A terrific overview of a number of gay-related historical topics and how they managed to coalesce over time into something that could legitimately beA terrific overview of a number of gay-related historical topics and how they managed to coalesce over time into something that could legitimately be characterized as a "sensibility." There is lots here subsequent queer scholarship will take issue with, but I turn to it often as an invaluable reference clearly articulating certain perspectives on gay history and scholarship at a particular moment in time. ...more
Historical interest and the possibility to glimpse pre-Stonewall queer lives and mores overrides any literary merit (which is meager, to say the veryHistorical interest and the possibility to glimpse pre-Stonewall queer lives and mores overrides any literary merit (which is meager, to say the very least). ...more
A really nice introduction to one of my favorite contemporary artists. Bas's work often calls to my mind Fairfield Porter's elegance and exquisite att
A really nice introduction to one of my favorite contemporary artists. Bas's work often calls to my mind Fairfield Porter's elegance and exquisite attunement to color, albeit filtered through a gothic sensibility; I also find his implicitly/explicitly homoerotic reinterpretation of "classic" symbols and motifs of American boyhood—like the Hardy Boys—irresistible. There's also often something of Harry Darger as well, what with idyllic, impervious youth dropped into nightmarish dreamscapes. A really striking talent still in the process of emerging.
Over the years I've come to realize that my first encounter with "Babylon Revisited" is a crucial reason why I've developed a tendency toward preemptiOver the years I've come to realize that my first encounter with "Babylon Revisited" is a crucial reason why I've developed a tendency toward preemptive nostalgia. Even at the moments I'm most blissfully content there's a part of my mind always already mourning the fact any present happiness is destined to quickly slip into the past tense. This line in particular has emblazoned itself into my memory, and still makes me shiver: "I didn't realize it, but the days came along one after another, and then two years were gone, and everything was gone, and I was gone." What's to ever guarantee that more good times are ahead?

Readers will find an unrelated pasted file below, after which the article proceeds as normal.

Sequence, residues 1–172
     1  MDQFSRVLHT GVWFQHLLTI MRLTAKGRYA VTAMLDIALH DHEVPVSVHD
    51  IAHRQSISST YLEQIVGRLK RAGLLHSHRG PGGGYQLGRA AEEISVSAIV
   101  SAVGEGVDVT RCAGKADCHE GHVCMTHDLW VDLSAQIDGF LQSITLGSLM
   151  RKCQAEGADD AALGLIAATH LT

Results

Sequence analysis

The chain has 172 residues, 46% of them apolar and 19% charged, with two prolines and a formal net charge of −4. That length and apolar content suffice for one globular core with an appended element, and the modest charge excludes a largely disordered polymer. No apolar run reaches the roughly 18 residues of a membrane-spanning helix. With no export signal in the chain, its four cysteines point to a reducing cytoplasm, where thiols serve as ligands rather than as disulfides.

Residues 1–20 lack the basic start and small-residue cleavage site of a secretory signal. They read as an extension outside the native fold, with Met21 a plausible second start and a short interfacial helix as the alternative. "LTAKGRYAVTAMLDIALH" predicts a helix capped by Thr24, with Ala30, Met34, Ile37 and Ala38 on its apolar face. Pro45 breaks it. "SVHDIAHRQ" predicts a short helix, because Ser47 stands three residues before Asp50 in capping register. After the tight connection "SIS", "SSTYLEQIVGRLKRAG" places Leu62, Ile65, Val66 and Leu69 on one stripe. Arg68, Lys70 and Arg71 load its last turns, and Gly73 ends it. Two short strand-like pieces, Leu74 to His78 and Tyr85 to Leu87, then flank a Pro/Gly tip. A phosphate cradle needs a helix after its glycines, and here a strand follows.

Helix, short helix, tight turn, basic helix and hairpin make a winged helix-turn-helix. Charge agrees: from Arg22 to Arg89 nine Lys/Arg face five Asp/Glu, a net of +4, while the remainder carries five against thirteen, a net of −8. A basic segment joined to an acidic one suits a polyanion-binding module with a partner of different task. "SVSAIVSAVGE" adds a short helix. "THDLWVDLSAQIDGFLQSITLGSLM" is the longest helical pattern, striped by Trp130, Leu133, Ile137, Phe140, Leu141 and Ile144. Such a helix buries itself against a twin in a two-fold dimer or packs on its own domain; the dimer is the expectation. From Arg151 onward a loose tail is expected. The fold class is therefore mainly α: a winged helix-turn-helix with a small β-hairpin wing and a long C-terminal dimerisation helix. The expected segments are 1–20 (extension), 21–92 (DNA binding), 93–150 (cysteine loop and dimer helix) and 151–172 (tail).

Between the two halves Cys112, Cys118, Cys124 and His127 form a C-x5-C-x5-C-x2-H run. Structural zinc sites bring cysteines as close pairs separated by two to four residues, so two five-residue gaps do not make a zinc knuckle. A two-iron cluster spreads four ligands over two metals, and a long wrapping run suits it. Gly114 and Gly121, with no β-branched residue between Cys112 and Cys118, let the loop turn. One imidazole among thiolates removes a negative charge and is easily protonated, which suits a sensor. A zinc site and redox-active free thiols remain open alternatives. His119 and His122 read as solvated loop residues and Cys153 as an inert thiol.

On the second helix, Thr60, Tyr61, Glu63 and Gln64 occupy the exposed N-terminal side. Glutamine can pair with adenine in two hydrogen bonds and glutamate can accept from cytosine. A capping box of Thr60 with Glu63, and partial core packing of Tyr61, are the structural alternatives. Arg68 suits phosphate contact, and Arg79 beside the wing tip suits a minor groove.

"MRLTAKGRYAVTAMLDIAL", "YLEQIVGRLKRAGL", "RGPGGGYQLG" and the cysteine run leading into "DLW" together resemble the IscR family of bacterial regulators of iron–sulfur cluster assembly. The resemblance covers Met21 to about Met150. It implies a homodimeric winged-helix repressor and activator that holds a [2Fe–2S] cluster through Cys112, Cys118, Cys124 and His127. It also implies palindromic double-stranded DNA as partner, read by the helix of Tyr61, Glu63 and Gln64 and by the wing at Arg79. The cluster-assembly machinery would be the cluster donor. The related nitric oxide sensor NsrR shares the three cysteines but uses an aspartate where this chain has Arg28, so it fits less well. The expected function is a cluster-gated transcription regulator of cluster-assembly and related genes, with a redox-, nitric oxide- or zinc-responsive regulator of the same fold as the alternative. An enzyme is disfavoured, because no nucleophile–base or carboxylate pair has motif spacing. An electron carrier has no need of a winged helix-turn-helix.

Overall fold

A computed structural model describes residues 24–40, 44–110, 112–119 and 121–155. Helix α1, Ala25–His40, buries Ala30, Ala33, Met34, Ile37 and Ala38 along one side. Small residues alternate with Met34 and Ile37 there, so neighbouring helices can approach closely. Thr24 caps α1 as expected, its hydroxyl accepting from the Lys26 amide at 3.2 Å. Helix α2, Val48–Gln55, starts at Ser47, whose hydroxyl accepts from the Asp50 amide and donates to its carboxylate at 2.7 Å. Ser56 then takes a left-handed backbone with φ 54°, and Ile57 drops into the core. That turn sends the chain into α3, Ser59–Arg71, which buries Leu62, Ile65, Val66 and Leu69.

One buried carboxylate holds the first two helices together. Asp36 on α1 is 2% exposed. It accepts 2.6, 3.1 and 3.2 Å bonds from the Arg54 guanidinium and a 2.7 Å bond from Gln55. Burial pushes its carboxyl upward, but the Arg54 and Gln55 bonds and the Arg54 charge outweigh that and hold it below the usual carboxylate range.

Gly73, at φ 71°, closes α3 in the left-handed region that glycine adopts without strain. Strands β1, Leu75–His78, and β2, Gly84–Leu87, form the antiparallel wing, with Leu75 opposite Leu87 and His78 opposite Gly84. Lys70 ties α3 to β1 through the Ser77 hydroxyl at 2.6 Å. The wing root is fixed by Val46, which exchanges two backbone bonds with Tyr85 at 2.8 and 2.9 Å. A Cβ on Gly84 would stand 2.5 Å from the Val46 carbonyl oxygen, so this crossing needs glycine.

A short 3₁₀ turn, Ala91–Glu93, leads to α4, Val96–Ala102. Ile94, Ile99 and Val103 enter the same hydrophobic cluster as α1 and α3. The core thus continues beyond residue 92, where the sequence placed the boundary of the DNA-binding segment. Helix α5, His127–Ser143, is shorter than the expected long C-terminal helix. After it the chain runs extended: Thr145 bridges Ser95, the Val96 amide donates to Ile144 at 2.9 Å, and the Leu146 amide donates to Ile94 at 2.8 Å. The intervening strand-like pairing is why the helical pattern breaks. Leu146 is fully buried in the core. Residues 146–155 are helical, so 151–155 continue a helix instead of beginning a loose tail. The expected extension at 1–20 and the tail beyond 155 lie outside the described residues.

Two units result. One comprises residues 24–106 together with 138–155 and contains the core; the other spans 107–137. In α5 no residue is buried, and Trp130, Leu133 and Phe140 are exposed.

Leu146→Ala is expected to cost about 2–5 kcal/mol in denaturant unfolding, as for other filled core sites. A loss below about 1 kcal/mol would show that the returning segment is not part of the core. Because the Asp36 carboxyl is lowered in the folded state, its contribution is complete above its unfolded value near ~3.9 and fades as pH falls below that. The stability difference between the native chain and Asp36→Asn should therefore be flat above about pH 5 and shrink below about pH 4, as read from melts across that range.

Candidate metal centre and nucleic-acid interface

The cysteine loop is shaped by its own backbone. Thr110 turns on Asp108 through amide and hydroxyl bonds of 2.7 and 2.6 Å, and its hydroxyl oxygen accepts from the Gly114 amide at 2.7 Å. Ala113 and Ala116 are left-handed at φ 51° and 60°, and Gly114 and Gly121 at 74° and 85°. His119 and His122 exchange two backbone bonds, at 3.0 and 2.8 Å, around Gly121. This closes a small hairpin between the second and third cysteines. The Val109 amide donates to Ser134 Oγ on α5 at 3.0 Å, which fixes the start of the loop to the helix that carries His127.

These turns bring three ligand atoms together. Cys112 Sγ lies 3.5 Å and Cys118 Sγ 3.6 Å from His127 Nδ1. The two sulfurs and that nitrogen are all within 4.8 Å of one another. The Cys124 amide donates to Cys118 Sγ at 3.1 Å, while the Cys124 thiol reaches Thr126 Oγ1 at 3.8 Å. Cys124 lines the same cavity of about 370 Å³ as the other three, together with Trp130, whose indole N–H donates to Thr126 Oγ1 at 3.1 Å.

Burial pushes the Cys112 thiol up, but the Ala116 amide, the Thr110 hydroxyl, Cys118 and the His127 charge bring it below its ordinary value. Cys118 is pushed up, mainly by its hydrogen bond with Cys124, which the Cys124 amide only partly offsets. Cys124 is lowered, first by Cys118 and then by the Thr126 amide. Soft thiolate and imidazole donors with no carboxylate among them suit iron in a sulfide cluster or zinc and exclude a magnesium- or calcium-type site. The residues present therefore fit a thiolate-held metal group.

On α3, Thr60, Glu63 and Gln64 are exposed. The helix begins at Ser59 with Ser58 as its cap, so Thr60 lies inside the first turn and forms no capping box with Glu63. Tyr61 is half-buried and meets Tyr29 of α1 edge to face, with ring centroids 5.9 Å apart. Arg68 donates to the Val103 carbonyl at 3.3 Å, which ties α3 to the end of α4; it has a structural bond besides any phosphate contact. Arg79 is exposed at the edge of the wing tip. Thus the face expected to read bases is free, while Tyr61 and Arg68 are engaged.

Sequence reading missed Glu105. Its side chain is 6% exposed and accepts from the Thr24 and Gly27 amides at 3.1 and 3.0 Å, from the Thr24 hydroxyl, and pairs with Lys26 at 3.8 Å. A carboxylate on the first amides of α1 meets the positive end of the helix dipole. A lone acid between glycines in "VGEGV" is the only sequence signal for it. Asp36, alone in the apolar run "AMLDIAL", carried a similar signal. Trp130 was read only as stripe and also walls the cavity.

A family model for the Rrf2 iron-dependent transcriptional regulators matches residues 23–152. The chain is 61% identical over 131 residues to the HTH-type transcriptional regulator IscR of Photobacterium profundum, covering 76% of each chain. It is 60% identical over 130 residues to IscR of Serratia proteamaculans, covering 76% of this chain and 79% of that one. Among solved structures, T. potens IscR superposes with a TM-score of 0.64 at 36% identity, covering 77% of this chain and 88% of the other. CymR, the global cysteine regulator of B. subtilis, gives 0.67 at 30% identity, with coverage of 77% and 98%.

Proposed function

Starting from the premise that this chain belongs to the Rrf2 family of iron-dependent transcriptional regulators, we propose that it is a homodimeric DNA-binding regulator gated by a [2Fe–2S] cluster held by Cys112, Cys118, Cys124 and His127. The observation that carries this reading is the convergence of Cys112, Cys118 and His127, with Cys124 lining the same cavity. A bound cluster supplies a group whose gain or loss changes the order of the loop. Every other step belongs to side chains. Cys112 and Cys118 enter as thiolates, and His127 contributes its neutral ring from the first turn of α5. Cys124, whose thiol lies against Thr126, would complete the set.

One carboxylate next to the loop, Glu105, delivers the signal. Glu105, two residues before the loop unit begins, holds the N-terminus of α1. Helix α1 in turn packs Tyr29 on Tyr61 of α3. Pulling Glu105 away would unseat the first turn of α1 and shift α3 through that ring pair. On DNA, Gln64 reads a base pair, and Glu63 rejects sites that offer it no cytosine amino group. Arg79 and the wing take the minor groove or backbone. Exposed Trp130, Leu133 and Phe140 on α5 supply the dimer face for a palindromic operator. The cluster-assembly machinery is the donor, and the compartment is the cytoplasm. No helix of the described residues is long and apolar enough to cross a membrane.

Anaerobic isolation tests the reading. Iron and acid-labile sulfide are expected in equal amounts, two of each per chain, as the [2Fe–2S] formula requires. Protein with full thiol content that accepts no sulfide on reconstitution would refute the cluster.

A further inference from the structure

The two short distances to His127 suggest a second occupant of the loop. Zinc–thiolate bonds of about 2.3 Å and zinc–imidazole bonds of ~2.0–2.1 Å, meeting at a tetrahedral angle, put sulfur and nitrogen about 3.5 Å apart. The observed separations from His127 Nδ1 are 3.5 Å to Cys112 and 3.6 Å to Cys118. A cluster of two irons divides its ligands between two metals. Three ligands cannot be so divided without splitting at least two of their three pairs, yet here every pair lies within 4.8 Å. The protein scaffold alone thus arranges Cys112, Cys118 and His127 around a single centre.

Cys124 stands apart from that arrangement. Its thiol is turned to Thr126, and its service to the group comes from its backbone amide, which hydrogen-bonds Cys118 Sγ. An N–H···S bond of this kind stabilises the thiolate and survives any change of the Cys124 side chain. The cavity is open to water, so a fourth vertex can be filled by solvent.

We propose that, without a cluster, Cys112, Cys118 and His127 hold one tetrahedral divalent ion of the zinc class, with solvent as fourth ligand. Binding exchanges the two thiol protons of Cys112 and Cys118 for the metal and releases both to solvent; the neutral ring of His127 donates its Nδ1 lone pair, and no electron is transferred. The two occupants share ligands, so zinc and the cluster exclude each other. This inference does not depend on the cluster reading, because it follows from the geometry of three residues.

I actually first read Fitzgerald's celebrated short story during one of the most sustained stretches of happiness I've ever experienced. I was an American student studying in London, my first time away from home for an extended period of time, and I was relishing every minute of it. This story was assigned for a class on expatriate American writers I was taking, and I distinctly remember a startling sensation of imagining myself returning at some point in the future to the large, warmly sunlit sitting room I often and was at that moment reading in, and ruefully recalling how truly wonderful that exact moment was, and how was it possible I didn't manage to recognize it at the time? "Babylon Revisited" haunted the rest of my semester—in a good, productive way, I should note—and, really, ever since.
At his best Fitzgerald composed prose that sparkles like so many diamonds upon the page. But here the crystalline phrasing not only glitters—it lacerates too.